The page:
off with a gentle buzz and it never had that high-revving roar
the inline six had. Better yet, it also didn't fire a downward
blast at higher rpm's. The TJ's fans would cause such a huge
cloud of dust from underneath that the Jeeps looked like Peanut's Pigpen going down the trail. You'll be thankful
for this, as will anyone behind you.
Inside, veteran Wrangler owners will immediately notice the
4.6 inches of additional hip room and 5.1 inches of shoulder
room. Personally, as I age like a fine wine, I am becoming more
- well - robust. My status as Daddy has allowed me to expand
and I take up more space than I did in my younger years. To me,
the extra width was greatly welcomed.
Another big hit is the new front seats. As the TJ got longer
in the tooth, the seating position shrank - kind of like an old
lady. The driver's seat had gotten lower in the last couple years
of the TJ (again, due to Government regulations), making it where even us six-footers felt like kids
behind the wheel - having to sit up straight to see over the
hood (especially with the windshield down). The new JK's seats
have a lever to raise the driver's seat up, allowing even shorter
drivers to get a good view. I found myself jacking it all the
way up for the most commanding view of the trail.
As pointed out by the Jeep execs back at camp (we won't repeat
their joke), Rubicons and Sahara models have YES Essentials stain-resistant
fabrics for easy cleanup. The seats were comfortable and nicely
supportive for a stock, everyday seat. Our ride was so pleasant and smooth, however, that we never had the chance to spill anything on the seats to test the fabric out.
The interior layout of the JK made sense and all of the controls
were where we expected them be with little hunting or fiddling
about. The new 368-watt, seven speaker audio sysstem is of particular
note. SIRIUS was enabled and a CD was in the changer so we could
evaluate the sound. For a stock system - especially a Wrangler
one - it sounded great. High end is handled by tweeter pods on
the dash, larger-than-TJ speakers are in the dash for mid-range, and the subwoofer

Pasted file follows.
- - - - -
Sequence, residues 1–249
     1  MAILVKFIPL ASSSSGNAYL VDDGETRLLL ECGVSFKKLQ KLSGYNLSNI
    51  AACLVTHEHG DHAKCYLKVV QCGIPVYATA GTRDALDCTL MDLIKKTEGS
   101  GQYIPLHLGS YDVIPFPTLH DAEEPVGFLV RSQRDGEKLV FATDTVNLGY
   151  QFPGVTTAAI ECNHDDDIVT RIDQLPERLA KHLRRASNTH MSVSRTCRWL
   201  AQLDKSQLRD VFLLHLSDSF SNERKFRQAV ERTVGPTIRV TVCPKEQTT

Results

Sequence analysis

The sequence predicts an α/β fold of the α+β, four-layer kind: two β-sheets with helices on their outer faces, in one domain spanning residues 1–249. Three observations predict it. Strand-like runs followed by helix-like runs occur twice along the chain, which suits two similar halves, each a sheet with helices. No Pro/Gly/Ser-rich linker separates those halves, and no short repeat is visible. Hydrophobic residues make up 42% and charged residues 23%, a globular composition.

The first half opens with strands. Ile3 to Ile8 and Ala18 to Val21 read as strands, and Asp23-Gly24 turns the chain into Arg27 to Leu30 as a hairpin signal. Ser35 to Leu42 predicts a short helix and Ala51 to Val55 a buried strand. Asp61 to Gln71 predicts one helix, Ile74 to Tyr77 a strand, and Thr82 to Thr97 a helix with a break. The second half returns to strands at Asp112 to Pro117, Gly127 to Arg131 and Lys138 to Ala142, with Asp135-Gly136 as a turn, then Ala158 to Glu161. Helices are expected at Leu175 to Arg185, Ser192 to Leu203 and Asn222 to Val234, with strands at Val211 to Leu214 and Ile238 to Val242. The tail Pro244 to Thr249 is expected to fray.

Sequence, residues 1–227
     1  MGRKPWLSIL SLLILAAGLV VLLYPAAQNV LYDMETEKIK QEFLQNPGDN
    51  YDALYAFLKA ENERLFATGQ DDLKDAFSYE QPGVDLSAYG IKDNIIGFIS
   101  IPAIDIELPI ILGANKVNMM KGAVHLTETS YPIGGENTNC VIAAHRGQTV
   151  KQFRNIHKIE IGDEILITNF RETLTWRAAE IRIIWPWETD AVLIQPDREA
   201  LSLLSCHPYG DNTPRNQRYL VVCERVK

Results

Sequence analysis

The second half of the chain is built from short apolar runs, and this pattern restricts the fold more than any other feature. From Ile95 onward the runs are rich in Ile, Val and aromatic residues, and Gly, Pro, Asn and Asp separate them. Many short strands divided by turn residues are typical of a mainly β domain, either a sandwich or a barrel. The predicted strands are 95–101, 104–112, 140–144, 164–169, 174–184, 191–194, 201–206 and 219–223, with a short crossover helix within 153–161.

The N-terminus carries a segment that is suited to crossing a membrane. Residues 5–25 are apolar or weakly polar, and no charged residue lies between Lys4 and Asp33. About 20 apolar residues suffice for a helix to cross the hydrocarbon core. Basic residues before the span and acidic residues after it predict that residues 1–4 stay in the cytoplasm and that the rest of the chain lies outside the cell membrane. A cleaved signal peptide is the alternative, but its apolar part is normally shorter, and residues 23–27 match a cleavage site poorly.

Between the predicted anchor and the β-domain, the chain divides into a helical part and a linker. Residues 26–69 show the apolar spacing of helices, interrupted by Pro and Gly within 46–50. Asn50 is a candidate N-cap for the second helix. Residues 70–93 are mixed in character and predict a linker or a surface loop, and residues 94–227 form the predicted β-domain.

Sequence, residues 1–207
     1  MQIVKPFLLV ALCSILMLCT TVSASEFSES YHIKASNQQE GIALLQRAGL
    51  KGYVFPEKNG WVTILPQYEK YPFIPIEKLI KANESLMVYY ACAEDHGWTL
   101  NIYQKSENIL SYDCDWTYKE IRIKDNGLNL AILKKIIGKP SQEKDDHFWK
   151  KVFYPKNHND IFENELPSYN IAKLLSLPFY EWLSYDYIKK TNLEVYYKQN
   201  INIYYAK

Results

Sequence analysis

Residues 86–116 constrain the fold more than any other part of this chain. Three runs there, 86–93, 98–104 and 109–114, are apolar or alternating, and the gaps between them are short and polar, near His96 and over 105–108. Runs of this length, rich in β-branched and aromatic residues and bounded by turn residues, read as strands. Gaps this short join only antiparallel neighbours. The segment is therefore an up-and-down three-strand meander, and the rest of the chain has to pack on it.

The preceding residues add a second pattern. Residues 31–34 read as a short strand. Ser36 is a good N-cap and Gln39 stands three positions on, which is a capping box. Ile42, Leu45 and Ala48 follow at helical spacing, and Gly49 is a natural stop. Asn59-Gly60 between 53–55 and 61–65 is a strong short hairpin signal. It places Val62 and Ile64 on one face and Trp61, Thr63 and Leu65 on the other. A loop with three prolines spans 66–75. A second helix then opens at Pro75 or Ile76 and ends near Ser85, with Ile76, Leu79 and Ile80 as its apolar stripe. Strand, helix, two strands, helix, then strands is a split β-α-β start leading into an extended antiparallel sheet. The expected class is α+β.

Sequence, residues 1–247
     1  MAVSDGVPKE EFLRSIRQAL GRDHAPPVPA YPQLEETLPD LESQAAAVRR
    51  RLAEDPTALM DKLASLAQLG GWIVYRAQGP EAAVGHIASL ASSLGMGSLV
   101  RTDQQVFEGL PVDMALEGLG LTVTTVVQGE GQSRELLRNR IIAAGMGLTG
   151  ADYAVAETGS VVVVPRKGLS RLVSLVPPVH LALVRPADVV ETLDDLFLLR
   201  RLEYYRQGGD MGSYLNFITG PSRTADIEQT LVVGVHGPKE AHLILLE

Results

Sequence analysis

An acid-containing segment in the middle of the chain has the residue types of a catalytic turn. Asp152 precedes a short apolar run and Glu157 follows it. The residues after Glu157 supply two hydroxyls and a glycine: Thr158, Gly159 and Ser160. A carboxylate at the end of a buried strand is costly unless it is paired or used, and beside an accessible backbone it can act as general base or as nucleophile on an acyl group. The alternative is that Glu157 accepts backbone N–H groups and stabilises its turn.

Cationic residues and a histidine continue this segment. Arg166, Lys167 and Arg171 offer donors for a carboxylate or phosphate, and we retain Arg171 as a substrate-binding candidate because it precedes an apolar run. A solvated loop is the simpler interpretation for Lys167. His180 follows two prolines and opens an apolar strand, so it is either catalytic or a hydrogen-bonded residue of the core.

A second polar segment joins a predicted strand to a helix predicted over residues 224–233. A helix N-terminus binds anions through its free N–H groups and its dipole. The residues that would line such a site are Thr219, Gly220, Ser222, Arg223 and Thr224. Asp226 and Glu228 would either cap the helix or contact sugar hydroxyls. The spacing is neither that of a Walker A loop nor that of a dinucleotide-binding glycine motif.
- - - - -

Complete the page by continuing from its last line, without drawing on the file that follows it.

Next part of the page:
has been moved to the rear of the Jeep where it belongs, so the
center console is still usable for storage. Another plus is that
the EQ on the radio has a mid-range. Right on!
One thing I noticed that was a little strange was that the tachometer
and speedometer are reversed (like in the Liberty), meaning that the speedo is on the
left and the tach on the right. I found myself having to train
myself throughout the day to look at them correctly and often-times found my hand blocking my view of the speedometer.
Fit and finish in the Jeeps was good. The interior materials
did look and feel plain and a bit cheap in some places, though,
with flat and basic textures. The upside of this, of course,
is that cleaning will be easy, which I think is probably the
point. And yes, there are still plenty of water drain holes throughout
the floor so with the carpets out, you can still hose the Jeep
down after a good day on the trails.
So there we were, riding in the comfortable seats of our JK,
working our way out of the Rubicon Trail. The Wrangler's ride has been greatly
improved, due to many factors. Track width has been increased several
inches to 61.9 making the JK more stable on side-hills. We had
the Jeep laying very far over to its side and we never felt a
bit of pucker. Having driven my own TJ's since 1996, my rear
end was giving me much more confidence than before.
Wheelbase has been increased on both two and four door models.
The standard Wrangler is up 2" to 95.4, while Unlimited is up
12.6" to 116". By way of comparison, a Commander's wheelbase
CONTINUED - PAGE 2 --->>>
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Michael Cohn is the founder and Editor of ROCKCRAWLER.com. Michael has owned six Jeeps and was one of the few present at the introduction wearing shorts.
Michael at email@example.com.